modied Blackbox so that it generated DNE format.Non-
symmetric logical constraints were encoded by introducing
conict variables (Pearl 1988).For example,p ⊃ q can be
A newer version of SamIam,not yet distributed at the time of
this submission,promises to provide improved performance due to
a signicantly altered implementation of recursive conditioning.
size = 50+50,ratio = 0.1,10 instances each entry
Join Tree RC Cachet
1.9 3.5 1.4
6 2.5 1.0
4 3.4 3.4
size = 60+60,ratio = 0.1,10 instances each entry
Join Tree RC Cachet
52 (5) 5.7 (2) 1.7
46 (3) 33 (3) 3.9
45 (5) 60 (4) 54
size = 70+70,ratio = 0.1,10 instances each entry
Join Tree RC Cachet
X X 12
X X 60
X X 136
size = 100+100,10 instances each entry,Cachet
ratio=0.1 ratio=0.2 ratio=0.3
3705 (7) 7.9 0.077
98617 (6) 13 0.45
150572 (4) 6034 (7) 43
Figure 7:Median runtime on DQMR networks in seconds.
Numbers in parenthesis is the number of examples solved if
less than 10.X indicates memory-out or time-out.
encoded by adding a variable c with parents p and q,where
the CPT for c says it is true iff p is true and q is false,and
nally asserting ¬c in the evidence.
Fig.6 summarizes the results.We queried for all
marginals using join tree,recursive conditioning,and model
counting.As noted in the table,because the implementation
we used for value elimination can only query a single node
at a time,we instead measured the average run time over
a selection of 25 non-trivial queries.The tire and log
problems are based instances fromthe Tireworld and Logis-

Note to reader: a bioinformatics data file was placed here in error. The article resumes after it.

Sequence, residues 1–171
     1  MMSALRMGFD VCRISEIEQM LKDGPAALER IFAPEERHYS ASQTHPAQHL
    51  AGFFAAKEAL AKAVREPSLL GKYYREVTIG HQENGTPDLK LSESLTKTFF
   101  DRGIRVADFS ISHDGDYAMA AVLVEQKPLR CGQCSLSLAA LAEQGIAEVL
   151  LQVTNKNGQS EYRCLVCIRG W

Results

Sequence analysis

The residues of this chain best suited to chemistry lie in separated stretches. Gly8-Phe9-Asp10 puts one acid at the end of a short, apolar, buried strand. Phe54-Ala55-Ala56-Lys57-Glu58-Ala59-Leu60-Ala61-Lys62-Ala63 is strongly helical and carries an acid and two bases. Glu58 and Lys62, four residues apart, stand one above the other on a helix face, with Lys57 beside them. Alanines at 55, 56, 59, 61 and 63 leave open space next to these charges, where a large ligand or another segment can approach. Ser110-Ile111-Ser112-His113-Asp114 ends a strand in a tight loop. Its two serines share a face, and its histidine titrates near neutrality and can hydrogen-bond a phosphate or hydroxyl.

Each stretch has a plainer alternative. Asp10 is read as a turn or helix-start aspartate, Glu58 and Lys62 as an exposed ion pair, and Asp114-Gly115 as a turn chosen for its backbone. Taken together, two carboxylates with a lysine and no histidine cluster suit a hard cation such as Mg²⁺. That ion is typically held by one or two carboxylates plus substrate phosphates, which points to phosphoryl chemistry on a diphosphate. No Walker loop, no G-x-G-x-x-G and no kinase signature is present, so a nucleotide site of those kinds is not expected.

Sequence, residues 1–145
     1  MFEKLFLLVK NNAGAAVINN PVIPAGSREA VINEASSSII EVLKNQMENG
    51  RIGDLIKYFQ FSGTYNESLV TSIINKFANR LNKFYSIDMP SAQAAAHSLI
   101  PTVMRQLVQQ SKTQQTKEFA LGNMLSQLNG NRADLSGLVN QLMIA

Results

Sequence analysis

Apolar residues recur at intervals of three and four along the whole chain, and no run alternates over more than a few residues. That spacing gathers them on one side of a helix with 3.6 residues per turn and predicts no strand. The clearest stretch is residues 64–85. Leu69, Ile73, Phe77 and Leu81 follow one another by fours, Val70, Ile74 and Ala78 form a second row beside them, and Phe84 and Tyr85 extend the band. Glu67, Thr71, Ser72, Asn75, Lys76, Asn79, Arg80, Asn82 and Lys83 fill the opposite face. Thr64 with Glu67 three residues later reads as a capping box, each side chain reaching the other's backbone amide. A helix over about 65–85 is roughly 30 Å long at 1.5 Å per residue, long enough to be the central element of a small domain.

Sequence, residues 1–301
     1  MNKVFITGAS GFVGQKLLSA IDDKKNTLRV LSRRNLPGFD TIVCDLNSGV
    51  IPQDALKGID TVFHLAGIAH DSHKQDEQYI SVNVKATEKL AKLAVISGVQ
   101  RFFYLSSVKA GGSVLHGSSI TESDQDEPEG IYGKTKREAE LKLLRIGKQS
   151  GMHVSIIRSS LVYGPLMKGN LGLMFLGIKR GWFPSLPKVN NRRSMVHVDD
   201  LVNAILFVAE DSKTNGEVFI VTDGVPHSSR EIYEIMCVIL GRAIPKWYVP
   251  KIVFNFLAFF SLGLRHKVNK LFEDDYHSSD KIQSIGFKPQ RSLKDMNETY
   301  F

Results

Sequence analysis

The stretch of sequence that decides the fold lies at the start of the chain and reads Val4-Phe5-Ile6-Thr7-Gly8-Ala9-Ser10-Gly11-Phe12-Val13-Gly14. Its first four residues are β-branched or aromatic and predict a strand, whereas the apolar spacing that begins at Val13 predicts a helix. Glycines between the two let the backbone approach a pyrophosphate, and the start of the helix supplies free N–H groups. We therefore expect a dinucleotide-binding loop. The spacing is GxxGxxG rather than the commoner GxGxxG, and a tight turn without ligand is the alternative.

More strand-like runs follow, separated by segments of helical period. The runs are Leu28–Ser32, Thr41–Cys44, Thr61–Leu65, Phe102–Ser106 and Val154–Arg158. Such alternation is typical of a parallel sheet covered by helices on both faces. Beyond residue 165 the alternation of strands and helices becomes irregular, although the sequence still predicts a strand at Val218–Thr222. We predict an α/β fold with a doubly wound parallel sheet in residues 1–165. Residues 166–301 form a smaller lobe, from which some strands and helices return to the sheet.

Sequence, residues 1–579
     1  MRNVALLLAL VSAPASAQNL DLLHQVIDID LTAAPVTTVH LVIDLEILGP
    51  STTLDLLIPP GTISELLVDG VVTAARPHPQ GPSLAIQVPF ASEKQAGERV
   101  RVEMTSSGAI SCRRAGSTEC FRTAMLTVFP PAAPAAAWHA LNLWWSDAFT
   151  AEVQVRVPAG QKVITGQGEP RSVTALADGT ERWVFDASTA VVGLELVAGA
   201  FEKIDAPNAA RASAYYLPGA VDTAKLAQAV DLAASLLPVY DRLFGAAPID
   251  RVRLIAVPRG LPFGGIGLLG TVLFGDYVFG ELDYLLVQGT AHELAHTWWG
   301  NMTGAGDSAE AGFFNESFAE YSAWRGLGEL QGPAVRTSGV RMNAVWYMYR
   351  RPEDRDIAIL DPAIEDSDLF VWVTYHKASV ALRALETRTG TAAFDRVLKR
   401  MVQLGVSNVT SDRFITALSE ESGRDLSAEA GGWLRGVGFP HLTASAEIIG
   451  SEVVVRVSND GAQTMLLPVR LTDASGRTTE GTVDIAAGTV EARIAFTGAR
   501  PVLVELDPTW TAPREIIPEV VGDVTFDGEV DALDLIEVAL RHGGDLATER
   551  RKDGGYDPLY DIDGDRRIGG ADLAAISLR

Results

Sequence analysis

tics domains in the Blackbox distribution.The 4-step and
5-step are small Logistics instances created for this paper.
Model counting handily outperforms the other methods
on these problems.Join tree quickly runs out of memory,
and recursive conditioning's static value ordering only al-
lows it solve the smallest instances.Value elimination is the
only alternative that is competitive,which is consistent with
the fact that the algorithmis,as described in the related work
section,similar in many respects to Cachet.We hypothesize
that Cachet's added power in this domain comes fromits use
of clause learning and more general component caching.
DQMR Networks
Our nal class of test problems is an abstract version of the
QMR-DT medical diagnosis Bayesian networks (Shwe et al.
1991).Each problem is given by a two layer bipartite net-
work in which the top layer consists of diseases and the bot-
tom layer consists of symptoms.If a disease may result a
symptom,there is an edge fromthe disease to the symptom.